Curiosity rover remains the selfie king of our solar system

4 Oct 201616 Shares

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Curiosity Mars rover at Mount Sharp. Image: NASA/JPL-Caltech/MSSS

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NASA’s Curiosity rover has once again taken a break from its Mars-based digging brief, sending a selfie image back to Earth to give us all location envy.

Over a year since its last superb selfie, NASA’s Curiosity rover has continued its drilling on Mars. Currently, it is taking in the scenery at a site called Quela, in the Murray Buttes region of Mount Sharp.

We know this because it has, once again, sent us back a postcard image of itself surrounded by miles and miles of red rock.

Curiosity Mars rover

Curiosity Mars rover at Mount Sharp (click to emlarge). Image: NASA/JPL-Caltech/MSSS

Curiosity Mars rover at Mount Sharp (click to enlarge). Image: NASA/JPL-Caltech/MSSS

The latest selfie was taken after collecting drilled rock powder in arguably the most scenic landscape visited by a Mars rover to date.

Now on the move, Curiosity is driving towards uphill destinations as part of its two-year mission extension that commenced at the start of the month.

Destinations on its menu include a ridge capped with material rich in the iron-oxide mineral hematite, about 2.5km in the distance, and an exposure of clay-rich bedrock beyond that.

“We continue to reach higher and younger layers on Mount Sharp,” said Ashwin Vasavada, of NASA’s Jet Propulsion Laboratory.

“Even after four years of exploring near and on the mountain, it still has the potential to completely surprise us.”

Beyond the image sent home, NASA has also produced a 360-degree video on YouTube for us to engage in Curiosity’s surroundings.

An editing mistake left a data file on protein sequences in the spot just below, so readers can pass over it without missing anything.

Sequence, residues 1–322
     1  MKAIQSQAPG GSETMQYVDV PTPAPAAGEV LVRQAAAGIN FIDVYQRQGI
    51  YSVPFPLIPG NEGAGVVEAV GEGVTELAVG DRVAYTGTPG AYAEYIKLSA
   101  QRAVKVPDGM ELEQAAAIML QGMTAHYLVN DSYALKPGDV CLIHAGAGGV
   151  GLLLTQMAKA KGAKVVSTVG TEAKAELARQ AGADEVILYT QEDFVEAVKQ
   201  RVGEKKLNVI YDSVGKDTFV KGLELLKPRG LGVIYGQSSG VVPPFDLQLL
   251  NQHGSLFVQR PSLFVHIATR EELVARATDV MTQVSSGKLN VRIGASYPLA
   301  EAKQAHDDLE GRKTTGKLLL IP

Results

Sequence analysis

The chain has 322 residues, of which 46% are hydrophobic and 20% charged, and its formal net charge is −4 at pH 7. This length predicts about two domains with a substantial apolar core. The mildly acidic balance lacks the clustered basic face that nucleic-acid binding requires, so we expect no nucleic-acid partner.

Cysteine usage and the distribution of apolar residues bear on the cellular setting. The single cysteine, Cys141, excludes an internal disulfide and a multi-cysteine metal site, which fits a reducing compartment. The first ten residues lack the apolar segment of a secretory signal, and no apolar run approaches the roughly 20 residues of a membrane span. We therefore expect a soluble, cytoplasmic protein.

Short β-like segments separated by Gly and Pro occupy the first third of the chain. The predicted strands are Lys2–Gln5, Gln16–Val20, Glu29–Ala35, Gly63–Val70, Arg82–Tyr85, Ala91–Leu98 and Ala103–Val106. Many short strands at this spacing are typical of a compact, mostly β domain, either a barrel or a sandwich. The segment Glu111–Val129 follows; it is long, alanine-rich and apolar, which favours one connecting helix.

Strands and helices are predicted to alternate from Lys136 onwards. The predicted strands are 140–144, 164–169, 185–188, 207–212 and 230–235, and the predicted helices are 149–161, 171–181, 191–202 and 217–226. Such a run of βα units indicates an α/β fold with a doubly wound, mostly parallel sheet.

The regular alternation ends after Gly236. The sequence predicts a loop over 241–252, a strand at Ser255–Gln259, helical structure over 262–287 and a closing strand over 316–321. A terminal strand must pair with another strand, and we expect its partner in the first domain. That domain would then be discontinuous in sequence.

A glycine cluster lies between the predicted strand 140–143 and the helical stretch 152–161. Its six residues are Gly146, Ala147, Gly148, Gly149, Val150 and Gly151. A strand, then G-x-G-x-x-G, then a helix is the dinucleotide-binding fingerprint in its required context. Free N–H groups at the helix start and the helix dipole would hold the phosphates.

Curiosity has so far found plenty of rock remains of mudstone, which NASA thinks was formed at the bottom of ancient lakes. How old? We don’t know.

“We will see whether that record of lakes continues further,” Vasavada said. “The more vertical thickness we see, the longer the lakes were present, and the longer habitable conditions existed here.”

The Mars Reconnaissance Orbiter (MRO) recently released more than 1,000 images of the surface of Mars, the likes of which we have rarely seen before.

The MRO has been orbiting the Red Planet to map it in as much detail as possible, to help us understand the planet and how its weather behaves, and to also choose a human landing site for a future mission.

MRO image

Possible phyllosilicates in ejecta of small crater in Tyrrhena Terra

MRO 5 terrain

Terrain near Peneus Patera

MRO 4 craters

Craters on crater fill

MRO 3 slopes

Steep slopes

MRO image spider

Spiders not on south polar layered deposits

Gordon Hunt is senior communications and context executive at NDRC. He previously worked as a journalist with Silicon Republic.

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